Even if the test was a little inaccurate, I would still think I would show up at least a little bit Italian. After all, Middle Eastern DNA showed up in me, along with Eastern European, but not Italian?

If you’re wondering why I show up as nearly a quarter Central American and nearly a third Spanish (or Portuguese), it’s because my grandmother (who my Italian grandfather was married to) was Mexican.

(This is her, pictured below, being able to meet my daughter.)

That actually brings up another surprise. By quadrupling my Central American DNA, which is 21.6%, that indicates my Mexican grandmother was actually 86.4% Central American, only leaving 13.6% (that’s close to one eighth) to be Spanish. Then, once I subtracted that 13.6% from the Spanish part of me (31.8%), it left 18.2%. I then multiplied that percentage times 4 again, to assume how Spanish my Italian grandfather must have been: 72.8%.

According to my theory, my Mexican grandmother was mainly Central American (barely Spanish) and my Italian grandfather was mainly Spanish (not Italian at all); leaving the rest of him to have been 9.2% Balkan (Romania, Slovenia, Croatia, Bosnia and Herzegovina, Serbia, Montenegro, Macedonia, Bulgaria, Albania). That brings my Italian grandfathers DNA up to exactly 82%.

Next I added the 3.2% Middle Eastern he must have been; now totaling 85.2%. That implies the rest of him had to have been Central Western European, which includes French.

This also means, by default, my dad has to be of Spanish descent as well, because there’s still Spanish DNA to be accounted for.

Most of my test makes sense. My last name is Shell, which in German, means “loud and noisy.” So that accounts for some of the 37.4% Central Western European.

But is this test accurate? Is it possible that I am truly not Italian at all? What do you think?

In the meantime, my mom is taking the test too. Being half-Mexican, half-Italian her whole life, I’m curious to know what the test says about her. We should know by October…

And if you’re interested in taking a DNA test like I did, here’s the link to MyHeritage.

I Will Be the 1st Person You Know Who Actually Took a DNA Test to Find Out Their Ethnicity (MyHeritage Results by September 2nd)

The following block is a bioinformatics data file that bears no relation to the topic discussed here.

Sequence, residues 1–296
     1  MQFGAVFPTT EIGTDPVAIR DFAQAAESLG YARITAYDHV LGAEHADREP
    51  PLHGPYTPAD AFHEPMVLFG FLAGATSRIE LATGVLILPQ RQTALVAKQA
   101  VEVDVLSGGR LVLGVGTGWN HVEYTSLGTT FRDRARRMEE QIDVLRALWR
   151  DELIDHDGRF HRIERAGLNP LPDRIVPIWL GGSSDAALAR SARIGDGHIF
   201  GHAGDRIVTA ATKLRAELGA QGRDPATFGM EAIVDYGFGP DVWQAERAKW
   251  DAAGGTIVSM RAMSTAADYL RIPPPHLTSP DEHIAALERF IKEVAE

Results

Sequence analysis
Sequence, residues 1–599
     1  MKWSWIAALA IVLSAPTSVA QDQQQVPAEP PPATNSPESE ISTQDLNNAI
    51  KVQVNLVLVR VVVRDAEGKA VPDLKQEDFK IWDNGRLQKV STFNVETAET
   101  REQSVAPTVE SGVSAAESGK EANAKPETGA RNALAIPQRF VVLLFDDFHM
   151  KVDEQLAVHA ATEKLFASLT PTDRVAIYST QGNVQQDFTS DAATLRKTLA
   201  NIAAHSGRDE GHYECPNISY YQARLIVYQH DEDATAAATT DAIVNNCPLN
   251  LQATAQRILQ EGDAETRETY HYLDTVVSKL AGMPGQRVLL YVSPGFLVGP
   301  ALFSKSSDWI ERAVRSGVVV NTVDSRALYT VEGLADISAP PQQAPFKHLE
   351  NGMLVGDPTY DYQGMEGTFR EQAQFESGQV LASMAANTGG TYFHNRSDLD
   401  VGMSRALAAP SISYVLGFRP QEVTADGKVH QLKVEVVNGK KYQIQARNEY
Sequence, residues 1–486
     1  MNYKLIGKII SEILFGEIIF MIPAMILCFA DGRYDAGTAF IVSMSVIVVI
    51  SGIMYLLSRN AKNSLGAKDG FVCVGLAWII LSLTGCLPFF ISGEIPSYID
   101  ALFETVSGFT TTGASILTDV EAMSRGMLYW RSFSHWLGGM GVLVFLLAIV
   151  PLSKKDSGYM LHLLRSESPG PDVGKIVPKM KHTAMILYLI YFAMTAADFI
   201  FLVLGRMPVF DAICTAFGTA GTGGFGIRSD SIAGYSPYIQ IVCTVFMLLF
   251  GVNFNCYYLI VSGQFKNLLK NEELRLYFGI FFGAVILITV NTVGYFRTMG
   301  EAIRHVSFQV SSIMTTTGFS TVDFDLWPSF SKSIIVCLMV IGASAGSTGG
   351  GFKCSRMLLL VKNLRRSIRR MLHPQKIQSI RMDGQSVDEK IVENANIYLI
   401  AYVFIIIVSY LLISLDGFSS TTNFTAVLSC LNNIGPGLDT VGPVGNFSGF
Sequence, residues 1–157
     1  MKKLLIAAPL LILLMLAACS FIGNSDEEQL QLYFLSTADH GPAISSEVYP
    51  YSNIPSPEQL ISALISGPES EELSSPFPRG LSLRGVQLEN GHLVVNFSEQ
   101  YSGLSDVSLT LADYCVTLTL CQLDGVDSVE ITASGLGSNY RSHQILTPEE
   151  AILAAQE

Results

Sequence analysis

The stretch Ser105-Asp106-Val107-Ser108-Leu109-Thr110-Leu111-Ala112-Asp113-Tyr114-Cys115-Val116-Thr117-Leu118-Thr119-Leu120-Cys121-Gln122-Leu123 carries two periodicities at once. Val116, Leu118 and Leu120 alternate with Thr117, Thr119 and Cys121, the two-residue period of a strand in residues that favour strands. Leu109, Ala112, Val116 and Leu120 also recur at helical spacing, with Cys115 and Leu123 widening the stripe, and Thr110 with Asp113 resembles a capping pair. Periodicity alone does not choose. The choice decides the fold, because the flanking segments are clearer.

Some people could care less about what shows up in their family tree. They will just sort of laugh it off with, “Yeah, I’m pretty much a mutt, I guess… A little English, a little Irish, maybe some German- I even heard there’s some Native American Indian in there too.”

But I am not one of those people.

Instead, I am Nick Shell. Therefore, I have always been fascinated by the mystery of my ethnicity.

I suppose I have somewhat of an advantage in that I know for a fact that all my great-grandparents on my mom’s side were born in another country:

Her grandparents on her father’s side were born in Italy and her grandparents on her mother’s side were born in Mexico. It’s just always been taken for granted that my mother is half Italian and half Mexican.

But I can no longer assume that every ancestor on my mom’s side was either 100% Italian or 100% Mexican. Besides, “Mexican” isn’t actually a race; as I understand that Mexicans are ultimately an ethnic mix of Native Americans and Europeans.

Over the years, my mom has reminded me of what she heard as a young girl, when she was around the Italian half of the family: “Just because we have the Metallo name and we’re Italian, that doesn’t mean that’s all we are. There’s other stuff in there too: A little bit of Greek, a little bit of French, and a little bit of Jewish…”

 

And before my Mexican grandmother passed away last year, she told me something I never heard her say before; that when she was a little girl, she saw family members “who had black skin and tight, curly hair.” I believe it is possible there is actually a few drops of African blood in me.

As for my dad’s side of the family, no one really knows. A few years ago, my dad received a book containing all the family tree records, but the names all seem to be predictably “WASP”: White Anglo-Saxon Protestant.

But I won’t be wondering much longer. Because as of Saturday, July 22nd, I mailed off the DNA test I bought from MyHeritageThe results should be back within 4 to 6 weeks from that day; which would be August 19th be at the soonest, and September 2nd at the latest.

As you can imagine, I am looking forward to finding out the results! No matter what the results reveal, I am sure I will be surprised…

Even though I paid $79 (normally $99) plus shipping, I see there are running a special that ends tonight, on July 31st; for just $69.

And if you’re interested in taking a DNA test like I did, here’s the link to MyHeritage.